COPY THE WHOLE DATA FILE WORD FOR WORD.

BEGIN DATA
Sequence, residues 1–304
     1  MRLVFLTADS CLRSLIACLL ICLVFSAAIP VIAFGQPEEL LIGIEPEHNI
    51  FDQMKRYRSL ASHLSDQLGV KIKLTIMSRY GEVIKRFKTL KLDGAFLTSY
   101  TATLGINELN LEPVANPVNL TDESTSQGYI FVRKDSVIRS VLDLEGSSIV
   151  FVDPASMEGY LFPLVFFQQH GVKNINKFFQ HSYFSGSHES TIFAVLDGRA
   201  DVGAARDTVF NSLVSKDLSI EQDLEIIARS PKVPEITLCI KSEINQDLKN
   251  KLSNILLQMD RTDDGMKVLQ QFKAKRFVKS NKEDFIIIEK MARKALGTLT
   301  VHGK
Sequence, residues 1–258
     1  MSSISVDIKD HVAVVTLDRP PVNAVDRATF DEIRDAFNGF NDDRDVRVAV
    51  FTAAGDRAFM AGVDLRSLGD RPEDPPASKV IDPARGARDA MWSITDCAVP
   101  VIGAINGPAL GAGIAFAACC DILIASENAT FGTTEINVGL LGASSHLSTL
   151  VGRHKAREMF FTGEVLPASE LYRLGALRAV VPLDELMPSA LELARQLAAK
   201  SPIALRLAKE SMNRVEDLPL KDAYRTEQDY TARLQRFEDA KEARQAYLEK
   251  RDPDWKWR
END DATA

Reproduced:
Sequence, residues 1–304
     1  MRLVFLTADS CLRSLIACLL ICLVFSAAIP VIAFGQPEEL LIGIEPEHNI
    51  FDQMKRYRSL ASHLSDQLGV KIKLTIMSRY GEVIKRFKTL KLDGAFLTSY
   101  TATLGINELN LEPVANPVNL TDESTSQGYI FVRKDSVIRS VLDLEGSSIV
   151  FVDPASMEGY LFPLVFFQQH GVKNINKFFQ HSYFSGSHES TIFAVLDGRA
   201  DVGAARDTVF NSLVSKDLSI EQDLEIIARS PKVPEITLCI KSEINQDLKN
   251  KLSNILLQMD RTDDGMKVLQ QFKAKRFVKS NKEDFIIIEK MARKALGTLT
   301  VHGK
Sequence, residues 1–258
     1  MSSISVDIKD HVAVVTLDRP PVNAVDRATF DEIRDAFNGF NDDRDVRVAV
    51  FTAAGDRAFM AGVDLRSLGD RPEDPPASKV IDPARGARDA MWSITDCAVP
   101  VIGAINGPAL GAGIAFAACC DILIASENAT FGTTEINVGL LGASSHLSTL
   151  VGRHKAREMF FTGEVLPASE LYRLGALRAV VPLDELMPSA LELARQLAAK
   201  SPIALRLAKE SMNRVEDLPL KDAYRTEQDY TARLQRFEDA KEARQAYLEK
   251  RDPDWKWR